We had planned to walk further along the seawall and check the harbour for waders and perhaps a raptor or two but those black clouds had come a lot closer. Then the clouds were over us and dumped a deluge of rain and hail on us! It was awful lashing rain with face stinging hail mixed in and visibility reduced to almost nothing in the down pour, we scurried back to the car and dived for shelter. The rain was bouncing off the roads and great floods of brown water were running off the fields – time to head for home.

Come and join us for a “Tour for Two” – very small group just two guests with two guides, tailor made itinerary, low risk in these COVID-19 times and of course lots of birds and an excellent chance of enjoying them all. Do drop us a line and we can make all the arrangements be it a day trip, two days, three day or as long a tour as you wish. Our recent Tours for Two have visited the Highlands of Scotland, North Wales and the Yorkshire coast and we are planning many more! Let us know where you would like to go and we can put together a proposal perfect for you.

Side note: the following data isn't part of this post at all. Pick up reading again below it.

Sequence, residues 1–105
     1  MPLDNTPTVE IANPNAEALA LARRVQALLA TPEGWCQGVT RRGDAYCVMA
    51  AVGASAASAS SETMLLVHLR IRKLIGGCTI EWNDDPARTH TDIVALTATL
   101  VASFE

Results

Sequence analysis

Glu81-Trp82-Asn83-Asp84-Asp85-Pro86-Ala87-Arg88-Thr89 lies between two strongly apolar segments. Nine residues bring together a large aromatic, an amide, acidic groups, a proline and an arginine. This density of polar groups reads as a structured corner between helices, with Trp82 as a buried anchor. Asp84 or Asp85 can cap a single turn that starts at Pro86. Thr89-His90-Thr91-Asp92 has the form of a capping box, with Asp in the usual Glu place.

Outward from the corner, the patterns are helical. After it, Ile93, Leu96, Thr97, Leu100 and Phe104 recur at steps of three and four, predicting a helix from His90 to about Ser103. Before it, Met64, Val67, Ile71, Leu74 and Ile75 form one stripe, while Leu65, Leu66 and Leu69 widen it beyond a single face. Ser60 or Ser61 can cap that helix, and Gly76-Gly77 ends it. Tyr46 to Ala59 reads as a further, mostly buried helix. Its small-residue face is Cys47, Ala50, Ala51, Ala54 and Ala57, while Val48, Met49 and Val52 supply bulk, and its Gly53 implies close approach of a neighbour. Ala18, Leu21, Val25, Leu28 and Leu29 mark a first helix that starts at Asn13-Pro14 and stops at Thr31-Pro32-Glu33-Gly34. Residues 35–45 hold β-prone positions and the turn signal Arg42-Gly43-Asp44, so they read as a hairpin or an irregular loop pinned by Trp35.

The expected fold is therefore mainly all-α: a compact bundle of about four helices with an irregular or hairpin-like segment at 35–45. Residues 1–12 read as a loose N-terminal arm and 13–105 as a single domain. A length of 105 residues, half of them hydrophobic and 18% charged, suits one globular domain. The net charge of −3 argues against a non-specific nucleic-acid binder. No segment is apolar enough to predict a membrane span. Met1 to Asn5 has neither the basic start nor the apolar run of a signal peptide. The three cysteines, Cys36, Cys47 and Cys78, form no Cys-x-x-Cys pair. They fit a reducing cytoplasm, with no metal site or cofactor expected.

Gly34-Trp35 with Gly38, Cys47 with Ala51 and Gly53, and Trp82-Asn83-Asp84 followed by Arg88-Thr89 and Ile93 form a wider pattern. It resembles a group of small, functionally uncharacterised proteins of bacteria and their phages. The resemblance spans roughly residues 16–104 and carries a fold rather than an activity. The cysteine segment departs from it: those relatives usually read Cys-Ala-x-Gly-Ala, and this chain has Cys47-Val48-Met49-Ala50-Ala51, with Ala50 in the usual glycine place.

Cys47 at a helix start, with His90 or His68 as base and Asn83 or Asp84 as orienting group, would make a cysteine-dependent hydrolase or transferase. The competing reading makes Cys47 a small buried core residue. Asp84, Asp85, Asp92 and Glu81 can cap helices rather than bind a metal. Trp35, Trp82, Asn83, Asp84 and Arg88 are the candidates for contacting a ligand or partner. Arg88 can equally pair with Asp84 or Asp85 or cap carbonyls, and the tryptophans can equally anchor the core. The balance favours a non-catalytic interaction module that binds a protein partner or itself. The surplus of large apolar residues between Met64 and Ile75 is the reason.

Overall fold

We are so lucky to have so many species and habitats within easy reach here in North Wales we would love you to join us for one of our Best of North Wales Birdwatching Trips days out. We expect to enjoy a lot of birds during these relaxed pace tours and we can tailor make the day to suit you.

We would love you to join us on our Birdwatching Trips in the future just drop us a line to arrange a custom tour and please see our tours pages for set departure trips. If you have any questions at all please fire away here….

info@birdwatchingtrips.co.uk

We look forward to enjoying wonderful birds in beautiful places with you soon!